Phenotypes of GMF-TG mice
We bred GMF-TG mice with wild-type mice. During the breeding period, only the GMF-TG mice began to show signs of aging in appearance , including hair graying and lack of hair glossiness, at about the age of 30 weeks (hereafter, 30 weeks, etc.). It is generally recognized that oxidative stress is one of the major factors that promote the aging process in organisms [22, 23]. We hypothesized that GMF overexpression in non-brain tissue resulted in accelerated aging, probably through cellular vulnerability to oxidative stress . Prematurely aged mice exhibit early aging-like appearance phenotypes, including increased hair loss, lordokyphosis of the spine, a shortened lifespan and growth retardation, compared to wild-type mice [24–28]. We monitored the aging-related phenotypes of the GMF-TG and wild-type mice during an experimental period of 155 weeks. The GMF-TG mice developed alopecia early, by about 75 weeks, while the wild-type mice started to show alopecia after about 100 weeks (Figure 2A-B and Supplemental Table 1). Some GMF-TG mice also exhibited skin atrophy and spinal curvature. These phenotypes were not detected in the wild-type mice (Figure 2 and Supplemental Table 1). We also found that some of the GMF-TG mice died within 60 weeks. The average lifespan of the GMF-TG mice was about 119 weeks, and that of the wild-type mice was about 126 weeks. Kaplan-Meier representations of the survival curves demonstrated that the GMF-TG mice died significantly earlier than the wild-type mice (Figure 3). There was no statistically significant difference in the body weight and size in mature-adult mice (at about 20 weeks) (data not shown).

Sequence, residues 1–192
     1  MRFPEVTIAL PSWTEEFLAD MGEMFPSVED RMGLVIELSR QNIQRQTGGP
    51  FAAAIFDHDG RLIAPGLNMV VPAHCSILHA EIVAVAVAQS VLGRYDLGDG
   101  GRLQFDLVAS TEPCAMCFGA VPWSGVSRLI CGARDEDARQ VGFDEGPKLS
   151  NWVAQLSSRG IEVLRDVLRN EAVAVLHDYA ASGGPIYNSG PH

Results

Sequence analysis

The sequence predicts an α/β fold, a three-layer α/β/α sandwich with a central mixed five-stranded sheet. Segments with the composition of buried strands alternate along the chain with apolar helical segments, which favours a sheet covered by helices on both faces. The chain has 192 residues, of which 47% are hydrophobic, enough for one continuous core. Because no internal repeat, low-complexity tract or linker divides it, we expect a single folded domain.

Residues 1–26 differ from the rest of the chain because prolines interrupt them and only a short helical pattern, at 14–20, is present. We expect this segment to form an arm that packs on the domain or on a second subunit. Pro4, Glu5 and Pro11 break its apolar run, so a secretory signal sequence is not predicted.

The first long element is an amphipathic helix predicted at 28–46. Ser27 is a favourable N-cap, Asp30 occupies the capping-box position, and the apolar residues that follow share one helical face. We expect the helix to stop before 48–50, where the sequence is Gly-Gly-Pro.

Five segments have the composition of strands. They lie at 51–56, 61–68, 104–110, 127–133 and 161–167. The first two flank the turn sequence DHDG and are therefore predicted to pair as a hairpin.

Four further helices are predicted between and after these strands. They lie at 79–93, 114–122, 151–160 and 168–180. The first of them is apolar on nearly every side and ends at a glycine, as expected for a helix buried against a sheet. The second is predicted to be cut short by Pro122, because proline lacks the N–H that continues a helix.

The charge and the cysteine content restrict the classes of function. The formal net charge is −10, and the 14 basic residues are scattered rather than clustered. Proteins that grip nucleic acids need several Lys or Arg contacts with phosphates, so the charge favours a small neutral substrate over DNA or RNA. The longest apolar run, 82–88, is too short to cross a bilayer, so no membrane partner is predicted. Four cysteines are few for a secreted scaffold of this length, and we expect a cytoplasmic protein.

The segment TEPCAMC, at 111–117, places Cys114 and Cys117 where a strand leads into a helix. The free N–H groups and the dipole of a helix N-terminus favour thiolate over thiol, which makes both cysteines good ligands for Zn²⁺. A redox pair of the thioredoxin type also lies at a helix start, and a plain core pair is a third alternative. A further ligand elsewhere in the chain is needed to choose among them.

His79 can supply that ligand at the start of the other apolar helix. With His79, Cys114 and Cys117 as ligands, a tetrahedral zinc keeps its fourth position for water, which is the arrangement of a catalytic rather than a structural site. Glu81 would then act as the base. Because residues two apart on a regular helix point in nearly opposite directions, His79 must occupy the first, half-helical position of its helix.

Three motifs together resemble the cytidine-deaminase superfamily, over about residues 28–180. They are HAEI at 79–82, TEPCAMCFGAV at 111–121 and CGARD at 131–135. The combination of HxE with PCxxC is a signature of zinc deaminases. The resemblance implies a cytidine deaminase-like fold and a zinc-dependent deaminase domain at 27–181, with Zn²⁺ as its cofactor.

Figure 2. Photograph of WT and GMF-TG mice. (A-B) These photographs show the representative appearance of WT (A) and GMF-TG (B) mice at 80 weeks, respectively. The GMF-TG mice showed alopecia and skin atrophy. These phenotypes were not detected in the aged-matched wild-type mice. (C-D) Indicators of aging phenotypes, such as spinal curvature, were detected in the GMF-TG (D) mice, but not in the WT (C) mice at 110 weeks.
Figure 3. Kaplan-Meier graph of WT and GMF-TG mice. This figure shows a Kaplan-Meier representation of the survival curves, which revealed that the GMF-TG mice died significantly earlier than the WT mice. The GMF-TG mouse and the two wild-type mice were alive when the data analysis was performed. None of the mice exhibited any signs of distress or pain due to the clinical symptoms used to assess health and welfare. (WT; n=41, GMF-TG; n=97). *P < 0.05 vs. WT mice.